MANSFIELD — Once the site of two tax-delinquent, ramshackle houses, the corner lot at 63 Rowland Ave. is now home to a new set of apartments.
The two-unit structure, built on land formerly owned by the Richland County Land Bank, sits surrounded by a freshly-poured concrete driveway and budding grass.
The grand opening of the duplex Monday morning was an exciting step, not only for the developers who built it, but the land bank as well.
"This is what you have a land bank for -- that redevelopment,” said Richland County Treasurer Bart Hamilton, the land bank board president. "This is just the beginning of a lot of new construction we're going to be getting soon."
The apartments on the city's northwest side were built by Blue Door Development, run by William Barber and Chris McCauley. Each one-bedroom unit has an applianced kitchen, washer and dryer hookups, keyless entry and a remote-controlled air conditioning and heating system.
According to Barber, the apartments are also energy efficient, with thick walls and tight insulation mirroring how homes are built in his home state of Alaska.
Barber said it was opportunity that motivated him to move to Mansfield in 2017.
“Mansfield has a lot of opportunities that other places don’t,” Barber said, citing the land bank and general availability and affordability of land.
McCauley has been involved in Mansfield-area real estate for the last 20 years, but has just begun venturing into new builds.
“I’ve bought, sold, owned, rented, and managed a couple hundred units myself, and I was tired of remodeling things and that’s when the lightbulb went off,” McCauley said.
The brand-new duplex is just the beginning of Blue Door Development’s plans for Richland County. Blue Door plans to construct another 98 housing units within the next 10 years on properties acquired from the land bank.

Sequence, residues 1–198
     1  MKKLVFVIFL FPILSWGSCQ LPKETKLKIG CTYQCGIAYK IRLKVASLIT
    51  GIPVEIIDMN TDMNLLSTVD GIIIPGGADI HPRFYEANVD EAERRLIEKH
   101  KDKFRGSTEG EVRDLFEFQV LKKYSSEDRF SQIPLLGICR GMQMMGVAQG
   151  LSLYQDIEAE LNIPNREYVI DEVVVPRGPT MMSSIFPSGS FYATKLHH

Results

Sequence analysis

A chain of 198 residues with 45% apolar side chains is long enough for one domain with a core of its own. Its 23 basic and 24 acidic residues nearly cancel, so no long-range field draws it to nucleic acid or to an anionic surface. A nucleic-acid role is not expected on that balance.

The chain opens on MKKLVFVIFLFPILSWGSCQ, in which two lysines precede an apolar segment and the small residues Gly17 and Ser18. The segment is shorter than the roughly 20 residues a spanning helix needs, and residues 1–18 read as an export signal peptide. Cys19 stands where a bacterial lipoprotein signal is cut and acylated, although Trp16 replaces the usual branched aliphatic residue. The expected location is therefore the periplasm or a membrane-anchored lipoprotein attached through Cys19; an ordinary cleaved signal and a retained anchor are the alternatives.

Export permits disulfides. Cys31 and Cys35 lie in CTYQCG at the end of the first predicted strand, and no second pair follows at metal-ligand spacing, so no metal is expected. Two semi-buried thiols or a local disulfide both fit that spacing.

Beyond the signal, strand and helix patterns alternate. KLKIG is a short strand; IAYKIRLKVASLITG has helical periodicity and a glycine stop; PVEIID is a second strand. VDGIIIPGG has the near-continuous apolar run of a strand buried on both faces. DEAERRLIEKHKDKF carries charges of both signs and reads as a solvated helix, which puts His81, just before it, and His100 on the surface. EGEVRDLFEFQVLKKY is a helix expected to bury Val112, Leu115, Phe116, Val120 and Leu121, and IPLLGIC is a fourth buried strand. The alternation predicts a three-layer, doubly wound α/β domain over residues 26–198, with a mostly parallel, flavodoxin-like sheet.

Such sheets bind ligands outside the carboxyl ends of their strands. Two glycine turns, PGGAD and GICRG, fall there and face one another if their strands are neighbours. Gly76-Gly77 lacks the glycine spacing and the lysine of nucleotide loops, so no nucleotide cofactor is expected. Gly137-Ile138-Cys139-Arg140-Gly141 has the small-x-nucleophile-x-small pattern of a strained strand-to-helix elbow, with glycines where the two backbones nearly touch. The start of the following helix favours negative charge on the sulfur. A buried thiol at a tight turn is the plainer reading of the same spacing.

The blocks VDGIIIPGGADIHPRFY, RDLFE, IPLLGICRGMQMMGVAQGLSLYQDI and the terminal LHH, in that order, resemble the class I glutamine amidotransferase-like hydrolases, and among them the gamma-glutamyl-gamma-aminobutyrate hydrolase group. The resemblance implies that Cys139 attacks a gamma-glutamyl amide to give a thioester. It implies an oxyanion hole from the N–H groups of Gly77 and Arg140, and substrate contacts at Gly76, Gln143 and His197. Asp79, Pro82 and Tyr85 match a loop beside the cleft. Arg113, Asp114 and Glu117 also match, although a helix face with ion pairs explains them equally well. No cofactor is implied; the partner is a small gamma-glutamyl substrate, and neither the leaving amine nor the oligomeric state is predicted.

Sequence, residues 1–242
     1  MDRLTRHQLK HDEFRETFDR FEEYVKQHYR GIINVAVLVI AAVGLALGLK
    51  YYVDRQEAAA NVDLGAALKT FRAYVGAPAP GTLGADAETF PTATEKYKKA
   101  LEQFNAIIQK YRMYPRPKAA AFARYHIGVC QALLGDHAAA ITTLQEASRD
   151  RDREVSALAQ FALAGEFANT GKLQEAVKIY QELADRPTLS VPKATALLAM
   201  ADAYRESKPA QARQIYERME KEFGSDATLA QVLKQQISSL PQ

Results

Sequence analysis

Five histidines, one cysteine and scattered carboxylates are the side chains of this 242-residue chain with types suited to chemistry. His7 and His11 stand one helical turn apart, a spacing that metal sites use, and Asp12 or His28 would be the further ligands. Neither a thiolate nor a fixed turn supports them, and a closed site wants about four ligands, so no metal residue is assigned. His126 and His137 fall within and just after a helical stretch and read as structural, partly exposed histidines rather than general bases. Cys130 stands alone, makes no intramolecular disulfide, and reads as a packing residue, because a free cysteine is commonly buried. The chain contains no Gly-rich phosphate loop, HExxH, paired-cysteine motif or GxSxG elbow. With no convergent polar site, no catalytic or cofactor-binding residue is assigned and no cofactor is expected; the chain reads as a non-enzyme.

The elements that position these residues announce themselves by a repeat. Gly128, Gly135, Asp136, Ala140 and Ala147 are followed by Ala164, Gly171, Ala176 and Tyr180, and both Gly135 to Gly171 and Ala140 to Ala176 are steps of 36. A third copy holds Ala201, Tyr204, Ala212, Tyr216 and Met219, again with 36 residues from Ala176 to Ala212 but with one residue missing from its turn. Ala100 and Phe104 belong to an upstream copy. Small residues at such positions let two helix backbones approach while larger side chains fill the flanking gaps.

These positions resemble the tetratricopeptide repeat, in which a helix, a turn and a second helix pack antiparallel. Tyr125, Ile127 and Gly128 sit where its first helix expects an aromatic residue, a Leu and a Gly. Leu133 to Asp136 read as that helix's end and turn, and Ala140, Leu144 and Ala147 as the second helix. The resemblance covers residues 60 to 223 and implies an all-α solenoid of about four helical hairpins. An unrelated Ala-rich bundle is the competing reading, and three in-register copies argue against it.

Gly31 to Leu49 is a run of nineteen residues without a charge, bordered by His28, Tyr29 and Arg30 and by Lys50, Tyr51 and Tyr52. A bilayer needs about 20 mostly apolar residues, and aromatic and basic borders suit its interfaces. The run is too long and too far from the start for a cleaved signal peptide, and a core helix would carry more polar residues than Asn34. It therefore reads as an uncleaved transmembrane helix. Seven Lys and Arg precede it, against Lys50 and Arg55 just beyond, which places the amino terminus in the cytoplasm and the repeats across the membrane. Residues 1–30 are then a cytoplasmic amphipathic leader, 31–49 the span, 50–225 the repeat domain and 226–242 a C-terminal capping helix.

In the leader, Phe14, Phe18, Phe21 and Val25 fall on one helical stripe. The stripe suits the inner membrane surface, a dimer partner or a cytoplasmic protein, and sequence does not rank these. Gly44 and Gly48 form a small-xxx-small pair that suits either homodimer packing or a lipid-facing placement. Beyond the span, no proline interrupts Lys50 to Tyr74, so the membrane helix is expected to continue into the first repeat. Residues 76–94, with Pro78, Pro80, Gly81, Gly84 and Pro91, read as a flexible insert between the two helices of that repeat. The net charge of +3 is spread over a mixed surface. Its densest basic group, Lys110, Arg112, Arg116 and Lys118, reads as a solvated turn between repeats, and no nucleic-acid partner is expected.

The company will break ground on its next project -- four one-bedroom units on South Franklin Avenue -- on July 6.
“We’ve got to get rents up so people can afford to build these places and we can attract more people,” he concluded.
Barber said Blue Door will likely construct some two and three-bedroom units in the future, but decided to begin with one-bedroom units based on the demand.
“We have 130 rentals right now and all our one-bedrooms are full,” he said.
Since its founding seven years ago, the land bank has overseen the demolition of nearly 600 dilapidated homes and the transfer of nearly 800 parcels. While the land bank will still work to eliminate blight, Hamilton said he’s excited to see new housing being built on former land bank-owned properties.
According to Hamilton, higher property values will encourage more housing development at all price points, even affordable housing.
“This is where you start,” Hamilton explained. “You start with the non-subsidized stuff because this helps establish a real market value. And when it comes time for HUD to establish rents that are going to be subsidized, they’re going to look at these and it's going to help get a better rent for the landlord, and the tenant’s portion is not going to change.”
Richland County Commissioner Tony Vero and Mansfield City Council President Cliff Mears agreed the project signaled positive momentum for the area.
"For those of you who don't think Mansfield's a happening place, check this out,” Mears said. “This is a testimonial, this is just the beginning."